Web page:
Then came Shelby County v. Holder (2013) 570 U.S. 193. A county in the state of Alabama sued then U.S. Attorney General Eric Holder, stating that two provisions in the VRA were unconstitutional and they sought a permanent injunction against them.

What were the provisions being challenged?

Section 5 is a “preclearance” law that requires affected states to seek pre-approval for changes in voting rules that could affect minorities from the Justice Department or a federal court in Washington D.C. This provision blocked discrimination before it could occur.

Section 4(b) determined the states and localities covered by Section 5.

On June 25, 2013, the Supreme Court ruled that the coverage formula in Section 4(b) of the Voting Rights Act — which determines which jurisdictions are covered by Section 5 — is unconstitutional because it is based on an old formula. As a practical matter this means that Section 5 is inoperable until Congress enacts a new coverage formula, which the decision invited Congress to do. They stated that Congress “may draft another formula based on current conditions.”



 During this current election year, the United States– and the world–is getting a full perspective of divisiveness between Democrats and Republicans. Currently, the debate over gun control law has led to a sit-in in the House by Democrats attempting to get legislation to move forward.  Has Congress fixed the VRA? No.

This is the first Presidential election in 50 years without the protections of the VRA.

Seventeen states have new voting restrictions in place for the 2016 presidential race, including more than half of those previously covered by Section 5 of the VRA, and representing 189 electoral votes, 70 percent of the 270 electoral votes needed to clinch the presidency.

Voting rights have been affected during the primaries as demonstrated by:

  • 5 hour lines to vote in Arizona due to the closing of 70% of polling places, primarily in minority areas.
  • North Carolina passed the nation’s most restrictive voter laws.
  • 120,000 voters purged from the polls in Brooklyn, New York.
  • Texas, restricted previously under the VRA, enacted strict voter ID laws that would impact minorities disproportionately.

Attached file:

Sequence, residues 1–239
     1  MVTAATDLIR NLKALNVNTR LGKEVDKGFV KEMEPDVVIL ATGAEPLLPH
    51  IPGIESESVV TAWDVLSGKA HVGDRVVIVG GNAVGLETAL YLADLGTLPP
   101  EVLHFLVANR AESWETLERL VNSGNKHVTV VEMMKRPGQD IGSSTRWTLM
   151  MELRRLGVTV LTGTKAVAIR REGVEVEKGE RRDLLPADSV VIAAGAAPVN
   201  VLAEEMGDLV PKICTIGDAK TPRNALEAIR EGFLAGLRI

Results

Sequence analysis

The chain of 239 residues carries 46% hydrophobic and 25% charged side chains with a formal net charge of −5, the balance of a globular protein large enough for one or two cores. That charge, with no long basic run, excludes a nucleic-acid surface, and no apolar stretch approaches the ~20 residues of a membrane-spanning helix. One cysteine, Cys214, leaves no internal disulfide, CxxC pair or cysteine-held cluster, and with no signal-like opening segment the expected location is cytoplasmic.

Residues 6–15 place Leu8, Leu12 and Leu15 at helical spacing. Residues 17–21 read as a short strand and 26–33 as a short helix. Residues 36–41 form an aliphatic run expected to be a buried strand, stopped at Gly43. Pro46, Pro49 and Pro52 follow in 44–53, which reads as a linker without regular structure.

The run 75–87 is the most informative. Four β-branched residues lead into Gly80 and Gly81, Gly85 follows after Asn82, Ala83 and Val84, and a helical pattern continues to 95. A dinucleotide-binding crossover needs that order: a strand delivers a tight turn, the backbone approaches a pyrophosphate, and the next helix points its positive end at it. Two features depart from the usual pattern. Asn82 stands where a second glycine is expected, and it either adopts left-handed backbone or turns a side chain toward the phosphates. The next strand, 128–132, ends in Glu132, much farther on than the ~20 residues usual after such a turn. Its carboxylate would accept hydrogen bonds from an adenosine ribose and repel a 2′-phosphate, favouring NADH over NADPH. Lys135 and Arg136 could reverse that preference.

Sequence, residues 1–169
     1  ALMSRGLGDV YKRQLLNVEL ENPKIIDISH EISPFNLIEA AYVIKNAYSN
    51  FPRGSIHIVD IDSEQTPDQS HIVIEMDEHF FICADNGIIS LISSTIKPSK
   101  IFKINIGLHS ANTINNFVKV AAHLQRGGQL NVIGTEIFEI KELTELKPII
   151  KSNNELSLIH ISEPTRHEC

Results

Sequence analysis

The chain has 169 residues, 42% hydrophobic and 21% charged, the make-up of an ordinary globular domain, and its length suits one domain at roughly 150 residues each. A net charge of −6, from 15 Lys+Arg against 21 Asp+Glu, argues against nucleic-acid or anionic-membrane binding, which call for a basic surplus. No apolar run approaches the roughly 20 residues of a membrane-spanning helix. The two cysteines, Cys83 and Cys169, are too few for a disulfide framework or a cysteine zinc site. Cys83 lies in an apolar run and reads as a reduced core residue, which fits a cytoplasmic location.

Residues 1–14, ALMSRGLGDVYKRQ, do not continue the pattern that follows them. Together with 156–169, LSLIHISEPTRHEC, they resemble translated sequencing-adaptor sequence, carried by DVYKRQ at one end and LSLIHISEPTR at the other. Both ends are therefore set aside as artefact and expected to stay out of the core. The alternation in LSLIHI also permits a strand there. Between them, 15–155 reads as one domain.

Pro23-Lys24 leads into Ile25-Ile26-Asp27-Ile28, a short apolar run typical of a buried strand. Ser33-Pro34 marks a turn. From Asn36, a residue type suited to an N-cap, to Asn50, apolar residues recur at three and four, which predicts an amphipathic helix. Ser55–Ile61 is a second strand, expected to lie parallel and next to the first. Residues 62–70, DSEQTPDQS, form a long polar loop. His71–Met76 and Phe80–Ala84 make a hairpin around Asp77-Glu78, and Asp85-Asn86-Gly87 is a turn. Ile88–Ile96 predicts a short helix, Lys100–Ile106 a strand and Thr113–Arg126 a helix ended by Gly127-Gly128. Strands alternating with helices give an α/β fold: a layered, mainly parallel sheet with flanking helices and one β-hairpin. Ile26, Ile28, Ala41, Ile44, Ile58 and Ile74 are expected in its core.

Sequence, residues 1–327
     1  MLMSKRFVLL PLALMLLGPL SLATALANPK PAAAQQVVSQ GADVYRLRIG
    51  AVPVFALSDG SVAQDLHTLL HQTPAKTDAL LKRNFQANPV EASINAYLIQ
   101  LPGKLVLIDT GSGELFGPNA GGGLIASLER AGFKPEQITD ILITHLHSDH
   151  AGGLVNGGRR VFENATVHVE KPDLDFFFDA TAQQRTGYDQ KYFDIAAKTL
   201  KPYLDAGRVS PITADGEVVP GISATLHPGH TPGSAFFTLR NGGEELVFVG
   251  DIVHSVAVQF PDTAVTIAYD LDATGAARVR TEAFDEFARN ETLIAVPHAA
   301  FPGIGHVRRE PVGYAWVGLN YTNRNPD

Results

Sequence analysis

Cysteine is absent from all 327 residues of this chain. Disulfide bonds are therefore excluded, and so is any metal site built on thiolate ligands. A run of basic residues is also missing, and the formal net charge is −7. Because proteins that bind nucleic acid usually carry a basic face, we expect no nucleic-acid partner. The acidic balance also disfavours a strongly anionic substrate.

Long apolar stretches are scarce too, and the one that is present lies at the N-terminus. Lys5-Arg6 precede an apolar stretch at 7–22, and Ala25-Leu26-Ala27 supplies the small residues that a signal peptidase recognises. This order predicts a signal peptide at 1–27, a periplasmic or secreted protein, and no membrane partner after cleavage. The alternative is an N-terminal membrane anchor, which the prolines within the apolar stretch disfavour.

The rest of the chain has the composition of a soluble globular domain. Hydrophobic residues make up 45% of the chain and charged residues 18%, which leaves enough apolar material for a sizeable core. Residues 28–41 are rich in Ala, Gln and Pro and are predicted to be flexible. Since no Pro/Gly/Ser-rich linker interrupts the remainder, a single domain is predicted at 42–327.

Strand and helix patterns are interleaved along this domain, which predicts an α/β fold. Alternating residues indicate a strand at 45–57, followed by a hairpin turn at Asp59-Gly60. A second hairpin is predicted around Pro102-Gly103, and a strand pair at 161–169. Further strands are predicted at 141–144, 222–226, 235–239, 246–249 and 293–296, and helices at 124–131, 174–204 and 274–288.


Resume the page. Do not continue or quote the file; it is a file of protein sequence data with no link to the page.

• Longtime voters blocked from the polls due to Wisconsin’s new Voter ID law
  • Ohio cut voting hours and cut “Golden Week” where voters could register and vote pre-election day.
  • Plus much more being changed to disenfranchise voters by state law changes.
  • Read what happened in just one year
  • More here:

And for those who are worried about “voter fraud” if voters don’t have correct ID or other requirements, it’s been found that UFO sightings are more common than voter fraud.


What is being done? How can you help?

In 2014, a bipartisan bill was put forth to strengthen and restore the act’s core provisions, but the Senate only held one hearing on it and the House refused to hold a hearing.

On February 11, 2015, to mark the 50th anniversary of the VRA, this bipartisan bill was put forth again.  IT STILL HAS NOT BEEN PASSED.

The Voting Rights Amendment Act would, among other changes:

  • Require jurisdictions with a recent record of repeated Voting Rights Act violations to pre-clear election law changes.
  • Expand the current “bail-in” procedures, which allow courts to subject jurisdictions to preclearance.
  • Create a uniform requirement to inform voters of certain pending voting changes.
  • Enhance the ability of lawyers to halt discriminatory election measures before they can harm citizens.
  • Allow federal observers to monitor elections to ensure compliance with laws protecting the rights of Americans who speak limited English.

If you’d like to help get this bill moved forward and passed, contact your Congressman and sign a petition here: